The initial ‘charette’ idea was proposed to Neighbourhood Forum on October 7th, 2015, with the final application submitted in October 2015. Planning meetings for charrettes ran weekly from 21st October until 18th November 2015. This was followed by the two outreach events taking place on the 23rd and 25th November. The door-to-door conversations occurred on the 24th November. Following the charrette outreach events, a ‘Development Day’ was held for community members, workers and strategic partners to discuss the main recurring 6 issues and to set-up theme groups that would be tasked with leading on actions that addressed these issues.
There were two separate full-day events; the first was held on 23rd November in Househillwood Park and the second on 25th November in St. Christopher’s Church, Priesthill. These events provided residents with the opportunity to speak to workers from the area about issues they felt affected community life. They also provided activities for residents to get involved with, including Christmas Wreath making, a raffle, hand massages and rickshaw rides. Hot food and drinks were available all day for those attending, this was intended to encourage participation by reducing potential barriers. Around 80 residents were engaged with in total and gave their opinions over the course of the 2 days. Videos were produced featuring commitments to activities by residents, which were publicly screened at a later date.
Like the outreach events, the door-to-door conversations were largely consultative, so little deliberation occurred between citizens and no formal decisions were made.
The questions that were asked in both the event and door-to-door approaches:
- What is your wish for your community?
- What is good about it?
- What needs to be improved?
- How would you improve it?
- Who needs to be involved? You?
- What’s already been done?
- Where would you start?
- How will you know it’s been done?
- Point to a place? Where is the problem worse?
Influence, Outcomes, and Effects
The main outcome of the investigation was that workers used an approach in which more one-to-one conversations are carried out with community members personally, avoiding emphasis on high profile outreach events. The overarching outcomes are:
- The process of building community and linking people together are vital for successful delivery of Thriving Places outcomes.
- Conversations are fundamental in building community and can be supplemented by other types of outreach events as part of Thriving Places.
- Thriving Places workers should avoid sole reliance on one-off, high-profile outreach events when working with communities.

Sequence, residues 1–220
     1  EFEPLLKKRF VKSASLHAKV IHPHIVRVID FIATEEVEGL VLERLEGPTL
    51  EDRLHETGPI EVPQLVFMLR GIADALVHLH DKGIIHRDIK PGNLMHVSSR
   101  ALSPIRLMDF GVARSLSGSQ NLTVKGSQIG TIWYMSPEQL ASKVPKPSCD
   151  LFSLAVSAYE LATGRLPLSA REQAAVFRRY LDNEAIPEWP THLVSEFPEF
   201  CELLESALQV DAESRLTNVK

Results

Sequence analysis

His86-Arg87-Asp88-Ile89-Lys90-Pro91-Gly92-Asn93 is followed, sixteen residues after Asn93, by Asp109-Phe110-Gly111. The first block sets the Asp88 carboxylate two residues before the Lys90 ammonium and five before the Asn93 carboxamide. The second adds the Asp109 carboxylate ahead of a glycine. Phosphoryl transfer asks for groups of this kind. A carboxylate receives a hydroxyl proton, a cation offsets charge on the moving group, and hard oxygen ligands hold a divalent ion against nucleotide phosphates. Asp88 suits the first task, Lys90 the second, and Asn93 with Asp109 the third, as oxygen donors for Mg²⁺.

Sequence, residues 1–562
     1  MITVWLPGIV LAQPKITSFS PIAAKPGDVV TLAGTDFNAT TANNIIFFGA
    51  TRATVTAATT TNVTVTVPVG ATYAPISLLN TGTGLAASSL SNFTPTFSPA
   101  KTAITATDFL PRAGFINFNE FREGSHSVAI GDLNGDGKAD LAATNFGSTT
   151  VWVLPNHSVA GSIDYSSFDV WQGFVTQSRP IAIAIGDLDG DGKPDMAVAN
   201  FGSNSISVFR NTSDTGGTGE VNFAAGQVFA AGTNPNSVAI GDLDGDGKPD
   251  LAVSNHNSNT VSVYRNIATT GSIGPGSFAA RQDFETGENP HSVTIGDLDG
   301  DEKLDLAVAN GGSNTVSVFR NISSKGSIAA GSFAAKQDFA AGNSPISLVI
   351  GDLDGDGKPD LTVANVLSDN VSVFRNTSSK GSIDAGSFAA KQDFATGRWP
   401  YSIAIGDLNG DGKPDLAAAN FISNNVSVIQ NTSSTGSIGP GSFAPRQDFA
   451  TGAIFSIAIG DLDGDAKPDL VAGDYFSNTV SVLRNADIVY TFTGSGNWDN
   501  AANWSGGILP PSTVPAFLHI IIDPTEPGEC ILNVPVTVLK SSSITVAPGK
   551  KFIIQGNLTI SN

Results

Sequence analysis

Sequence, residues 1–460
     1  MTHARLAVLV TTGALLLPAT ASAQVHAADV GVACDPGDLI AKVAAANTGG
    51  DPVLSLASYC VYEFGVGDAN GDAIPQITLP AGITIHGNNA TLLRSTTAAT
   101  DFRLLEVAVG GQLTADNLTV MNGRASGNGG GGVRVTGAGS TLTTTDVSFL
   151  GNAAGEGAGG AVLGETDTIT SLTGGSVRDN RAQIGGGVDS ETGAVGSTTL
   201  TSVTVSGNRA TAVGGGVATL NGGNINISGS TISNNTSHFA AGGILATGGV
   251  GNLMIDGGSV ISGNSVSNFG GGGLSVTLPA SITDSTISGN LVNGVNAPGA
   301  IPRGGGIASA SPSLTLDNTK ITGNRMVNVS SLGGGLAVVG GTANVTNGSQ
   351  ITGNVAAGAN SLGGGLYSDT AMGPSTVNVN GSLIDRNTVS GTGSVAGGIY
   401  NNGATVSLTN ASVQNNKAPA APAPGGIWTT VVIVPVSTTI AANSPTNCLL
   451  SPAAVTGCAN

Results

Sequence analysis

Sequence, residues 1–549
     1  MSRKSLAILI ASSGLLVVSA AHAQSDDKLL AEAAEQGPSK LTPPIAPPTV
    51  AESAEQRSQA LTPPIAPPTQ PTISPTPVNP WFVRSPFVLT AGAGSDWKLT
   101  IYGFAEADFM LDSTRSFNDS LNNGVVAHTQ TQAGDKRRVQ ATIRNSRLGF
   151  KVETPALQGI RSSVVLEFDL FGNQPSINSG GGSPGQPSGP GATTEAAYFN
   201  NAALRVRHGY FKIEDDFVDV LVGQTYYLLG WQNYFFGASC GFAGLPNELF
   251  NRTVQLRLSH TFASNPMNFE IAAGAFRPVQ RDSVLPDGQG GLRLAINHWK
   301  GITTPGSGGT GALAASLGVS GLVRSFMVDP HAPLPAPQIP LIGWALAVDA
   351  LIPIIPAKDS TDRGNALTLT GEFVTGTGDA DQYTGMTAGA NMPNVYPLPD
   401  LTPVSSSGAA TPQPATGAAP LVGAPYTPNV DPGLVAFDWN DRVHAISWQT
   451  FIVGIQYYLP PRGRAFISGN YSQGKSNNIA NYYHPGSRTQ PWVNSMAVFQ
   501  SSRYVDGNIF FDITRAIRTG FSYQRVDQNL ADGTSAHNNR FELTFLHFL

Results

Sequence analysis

- Conversations and on-going dialogue are more in line with the ethos of Thriving Places.
These outcomes lead the report to the following recommendations:
- Spending time cultivating relationships of trust with and within the community is vital to the success of Thriving Places.
- Effort should be focused on connecting people to people and so building community.
- Community building is achieved through conversations and on-going dialogue. It can be supplemented by outreach events as part of Thriving Places.
- If you are planning outreach events, ensure they are well-planned and involve the community in their development and delivery.
Analysis and Lessons Learned
The outreach events allowed a large number of residents to be engaged in a relatively short period of time but required strict coordination and large investments of funding and time to run successfully. The door-to-door conversations can be carried out without as much in-depth planning, and with considerably less infrastructure required. However, they are labour intensive for the individual carrying it out and create in-depth data which can be difficult to analyse.
The outreach events provided the community with a focal point and a visible representation of the commitment from Thriving Place partner organisations which was a great way of raising the profile of the approach within the wider community. However, this meant community expectation was unduly raised, since positive action seemed the next logical step.
The door-to-door conversations benefitted from a more in-depth, less structured method of data-gathering. Door-to-door conversations are a low-key starting point for development of reciprocal, long-lasting connections with community members allowing the next-steps to be explored in depth and create a feeling of collaborative momentum. Although a formal question was included at the charrettes to see what people could offer, time pressures and the more formal setup - with desks, high numbers of workers, councillors, etc. present - created an environment which didn’t cultivate the promotion of individual skills. Some individuals do not readily speak about their own skills and abilities without feeling they can trust those they are talking to, which can take more time than is available at an outreach meeting.